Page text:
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What has become of the Russian Revolution
Image 22
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Yvon, M., 1899-1986. What has become of the Russian Revolution - Image 22. 1937. Special Collections, University of Houston Libraries. University of Houston Digital Library. Web. November 19, 2019. https://digital.lib.uh.edu/collection/scpamp/item/4766/show/4719.

Disclaimer: This is a general citation for reference purposes. Please consult the most recent edition of your style manual for the proper formatting of the type of source you are citing. If the date given in the citation does not match the date on the digital item, use the more accurate date below the digital item.

Yvon, M., 1899-1986. (1937). What has become of the Russian Revolution - Image 22. Socialist and Communist Pamphlets. Special Collections, University of Houston Libraries. Retrieved from https://digital.lib.uh.edu/collection/scpamp/item/4766/show/4719

Disclaimer: This is a general citation for reference purposes. Please consult the most recent edition of your style manual for the proper formatting of the type of source you are citing. If the date given in the citation does not match the date on the digital item, use the more accurate date below the digital item.

Yvon, M., 1899-1986, What has become of the Russian Revolution - Image 22, 1937, Socialist and Communist Pamphlets, Special Collections, University of Houston Libraries, accessed November 19, 2019, https://digital.lib.uh.edu/collection/scpamp/item/4766/show/4719.

Disclaimer: This is a general citation for reference purposes. Please consult the most recent edition of your style manual for the proper formatting of the type of source you are citing. If the date given in the citation does not match the date on the digital item, use the more accurate date below the digital item.

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Compound Item Description
Title What has become of the Russian Revolution
Creator (LCNAF)
  • Yvon, M., 1899-1986
Contributor (Local)
  • Integer
Publisher International Review
Place of Creation (TGN)
  • New York, New York
Date 1937
Subject.Topical (LCSH)
  • Communism
  • Economics
Subject.Topical (Local)
  • Social conditions
Subject.Geographic (TGN)
  • Soviet Union
Genre (AAT)
  • pamphlets
Language English
Type (DCMI)
  • Text
Original Item Extent 63 pages; 22 cm
Original Item Location HN523.Y8613 1937
Original Item URL http://library.uh.edu/record=b8304536~S11
Original Collection Socialist and Communist Pamphlets
Digital Collection Socialist and Communist Pamphlets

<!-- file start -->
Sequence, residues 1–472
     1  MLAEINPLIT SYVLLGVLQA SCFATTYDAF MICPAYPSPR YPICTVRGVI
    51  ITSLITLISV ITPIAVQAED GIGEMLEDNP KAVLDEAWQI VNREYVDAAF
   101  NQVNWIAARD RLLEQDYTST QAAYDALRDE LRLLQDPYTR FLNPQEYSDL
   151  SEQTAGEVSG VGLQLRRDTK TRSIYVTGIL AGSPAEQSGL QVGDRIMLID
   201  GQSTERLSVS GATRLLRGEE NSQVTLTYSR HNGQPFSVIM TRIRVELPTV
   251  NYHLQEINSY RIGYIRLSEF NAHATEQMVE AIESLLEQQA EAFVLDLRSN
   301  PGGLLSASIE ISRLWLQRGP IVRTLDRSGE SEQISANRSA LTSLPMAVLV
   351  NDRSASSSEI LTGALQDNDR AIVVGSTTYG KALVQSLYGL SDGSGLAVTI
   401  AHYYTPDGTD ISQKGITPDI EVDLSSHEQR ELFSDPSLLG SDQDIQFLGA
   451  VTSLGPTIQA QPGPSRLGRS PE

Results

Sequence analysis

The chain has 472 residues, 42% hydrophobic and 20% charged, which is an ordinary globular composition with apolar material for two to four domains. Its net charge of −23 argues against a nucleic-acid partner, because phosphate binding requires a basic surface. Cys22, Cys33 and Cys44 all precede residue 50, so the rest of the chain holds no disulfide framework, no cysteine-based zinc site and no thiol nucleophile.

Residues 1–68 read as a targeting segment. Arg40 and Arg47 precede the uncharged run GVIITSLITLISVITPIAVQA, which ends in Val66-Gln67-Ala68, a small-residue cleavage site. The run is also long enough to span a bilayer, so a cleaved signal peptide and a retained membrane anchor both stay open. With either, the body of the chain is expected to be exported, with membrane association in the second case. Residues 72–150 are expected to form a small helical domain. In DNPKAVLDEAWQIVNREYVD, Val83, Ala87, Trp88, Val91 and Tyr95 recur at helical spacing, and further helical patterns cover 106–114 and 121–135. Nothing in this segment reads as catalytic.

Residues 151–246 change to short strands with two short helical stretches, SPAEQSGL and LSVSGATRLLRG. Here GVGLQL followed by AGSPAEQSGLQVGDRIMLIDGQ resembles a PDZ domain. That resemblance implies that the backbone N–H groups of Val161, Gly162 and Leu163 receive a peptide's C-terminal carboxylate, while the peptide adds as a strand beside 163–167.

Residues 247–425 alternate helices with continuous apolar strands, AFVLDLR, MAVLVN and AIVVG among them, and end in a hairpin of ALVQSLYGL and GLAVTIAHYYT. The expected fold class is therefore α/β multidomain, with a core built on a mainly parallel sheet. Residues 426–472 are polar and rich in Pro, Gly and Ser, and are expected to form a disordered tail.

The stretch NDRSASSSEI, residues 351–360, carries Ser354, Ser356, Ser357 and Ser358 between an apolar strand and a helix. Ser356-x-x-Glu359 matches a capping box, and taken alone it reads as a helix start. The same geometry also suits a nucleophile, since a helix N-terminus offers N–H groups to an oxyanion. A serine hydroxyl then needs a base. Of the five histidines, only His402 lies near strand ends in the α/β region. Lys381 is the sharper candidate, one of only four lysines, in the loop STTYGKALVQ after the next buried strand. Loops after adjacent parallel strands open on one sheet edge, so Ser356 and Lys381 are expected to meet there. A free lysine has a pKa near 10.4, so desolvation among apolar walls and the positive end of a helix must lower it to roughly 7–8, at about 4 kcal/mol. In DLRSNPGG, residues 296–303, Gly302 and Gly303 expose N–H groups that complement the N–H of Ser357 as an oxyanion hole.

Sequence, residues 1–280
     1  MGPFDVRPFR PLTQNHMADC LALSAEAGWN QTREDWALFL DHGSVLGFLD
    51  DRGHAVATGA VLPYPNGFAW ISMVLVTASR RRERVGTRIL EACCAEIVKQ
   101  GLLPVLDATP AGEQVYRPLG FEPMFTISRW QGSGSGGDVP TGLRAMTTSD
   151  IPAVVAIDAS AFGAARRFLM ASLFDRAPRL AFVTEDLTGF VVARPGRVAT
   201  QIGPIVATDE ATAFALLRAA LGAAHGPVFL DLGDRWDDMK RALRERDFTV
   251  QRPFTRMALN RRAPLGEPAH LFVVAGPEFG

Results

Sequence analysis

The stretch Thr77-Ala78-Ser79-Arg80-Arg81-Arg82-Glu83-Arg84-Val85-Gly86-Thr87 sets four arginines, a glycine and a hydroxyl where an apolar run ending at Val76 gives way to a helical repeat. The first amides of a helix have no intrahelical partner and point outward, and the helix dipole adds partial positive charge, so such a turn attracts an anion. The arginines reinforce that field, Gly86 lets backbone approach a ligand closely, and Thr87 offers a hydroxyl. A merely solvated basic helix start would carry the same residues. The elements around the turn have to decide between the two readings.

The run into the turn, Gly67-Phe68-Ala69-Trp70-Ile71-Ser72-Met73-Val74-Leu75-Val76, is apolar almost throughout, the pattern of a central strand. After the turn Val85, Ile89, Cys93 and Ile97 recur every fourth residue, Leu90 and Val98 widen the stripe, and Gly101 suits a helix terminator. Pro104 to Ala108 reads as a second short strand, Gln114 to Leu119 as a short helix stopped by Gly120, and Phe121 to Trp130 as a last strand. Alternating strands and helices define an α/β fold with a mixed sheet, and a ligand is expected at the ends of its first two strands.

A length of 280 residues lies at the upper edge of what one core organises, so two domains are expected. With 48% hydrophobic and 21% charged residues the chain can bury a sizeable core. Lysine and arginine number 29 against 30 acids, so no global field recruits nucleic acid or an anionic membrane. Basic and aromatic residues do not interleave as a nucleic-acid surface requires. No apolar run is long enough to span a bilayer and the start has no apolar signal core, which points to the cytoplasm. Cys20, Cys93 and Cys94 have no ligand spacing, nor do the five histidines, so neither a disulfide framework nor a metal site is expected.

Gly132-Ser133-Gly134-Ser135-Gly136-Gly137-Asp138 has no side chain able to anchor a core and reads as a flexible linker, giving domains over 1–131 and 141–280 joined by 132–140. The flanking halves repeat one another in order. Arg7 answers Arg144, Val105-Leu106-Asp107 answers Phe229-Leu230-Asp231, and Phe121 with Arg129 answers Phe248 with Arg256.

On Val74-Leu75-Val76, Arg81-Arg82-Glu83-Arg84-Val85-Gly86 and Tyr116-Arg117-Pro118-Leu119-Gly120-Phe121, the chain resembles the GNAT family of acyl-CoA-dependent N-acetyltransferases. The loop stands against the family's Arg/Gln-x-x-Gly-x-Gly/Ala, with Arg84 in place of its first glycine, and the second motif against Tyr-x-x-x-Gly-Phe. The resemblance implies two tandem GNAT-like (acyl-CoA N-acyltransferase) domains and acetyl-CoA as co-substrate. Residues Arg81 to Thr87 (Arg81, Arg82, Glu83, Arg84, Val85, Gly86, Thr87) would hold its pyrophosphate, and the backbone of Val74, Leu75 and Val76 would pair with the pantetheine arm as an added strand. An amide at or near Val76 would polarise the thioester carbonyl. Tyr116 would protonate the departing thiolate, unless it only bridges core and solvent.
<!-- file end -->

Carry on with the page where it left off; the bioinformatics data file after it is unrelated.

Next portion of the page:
Digital Collection URL http://digital.lib.uh.edu/collection/scpamp
Repository Special Collections, University of Houston Libraries
Repository URL http://libraries.uh.edu/branches/special-collections
Use and Reproduction In Copyright: This item is protected by copyright. Copyright to this resource is held by the creator or current rights holder, and the resource is provided here for educational purposes. It may not be reproduced or distributed in any format without permission of the copyright owner. Users assume full responsibility for any infringement of copyright or related rights.
File Name index.cpd
Item Description
Title Image 22
Format (IMT)
  • image/jpeg
File Name uhlib_2209396_021.jpg
Transcript It is a mistake to believe that the revolution has brought even relative equality in the distribution of luxury and misery. Even at the time of the vertical fall of the standard of living (1929-1932), the most insignificant provincial chief town in the USSR had its "Sovnarkom" restaurant, exclusively reserved to the local authorities. There, at dinner time, the prefect (the head of the local committee of the Party) and his adjutants, the directors of the big commercial, industrial and bank establishments, the heads of the soviet, trade-union and court administrations, as well as important official travelers, used to meet. The police, the G.P.U. and the army posts, each had its particular mess. In the course of these repasts—the only copious and edible meals during that period of dark misery—the good people spoke business and played the common Soviet game of "connections": "pull". The name "Sovnarkom" is very characteristic and tells a story in itself. It is the abbreviation of "Council of the Commissars of the People". There is no such council in a provincial town, but the name is used for such purposes as the one cited, emphasizing the power and right of privilege. The encouragement of the use of the word indicates that the example comes from above. This "restaurant" was very discreet. It was often installed in a small private hotel, access to which was permitted, by the armed guards, only to the holders of a special, precious pass. Today the need for such discretion is gone. Secrecy spoils the pleasure. Why trouble with discretion if the fact of privilege has become an integral part of the customs of the country? All restaurants are open to everybody. Still better—since the persons who have the money to pay for pleasure risk not knowing where to turn for it, the Soviet press, in January and February 1936, inaugurated a special department of announcements, the like of which had not been seen since the old regime. These announcements give the addresses and telephone numbers of de luxe stores and restaurants. The jazz offered in the fashionable joy dispensaries is praised highly, and all comers are invited to pass happy nights there. The dancing goes on till morning. Champagne, liqueurs, the most famous wines are listed on the fourth page of the newspaper. For the ladies there are rare perfumes at two hundred roubles a vial (Izviestia, February 4, 1936) ; for children, dolls at 95 roubles a piece {Izviestia, February 6, 1936). To forestall speculation in pianos, the State outlines a plan to develop rapidly the production of fine pianos. In the meantime, the common laborer tries to get along on about 100 roubles a month. The State that dares to style itself "socialist" goes a step farther in its efforts to beat capitalism. The finest restaurants, on the central streets of Moscow, inform the moneyed customer that they are ready to organize official and private banquets, for which they will furnish everything, even servants. All that the moneyed Soviet comrade needs to do to have happiness brought to his home is to lift his telephone receiver. The State lackeys serve him a Roman holiday in the complete privacy of his apartment or villa at the price of 200 or 300 roubles a head. But for the great mass of wage earners, nothing has changed fundamentally since 1934. The following prices are convincing: 20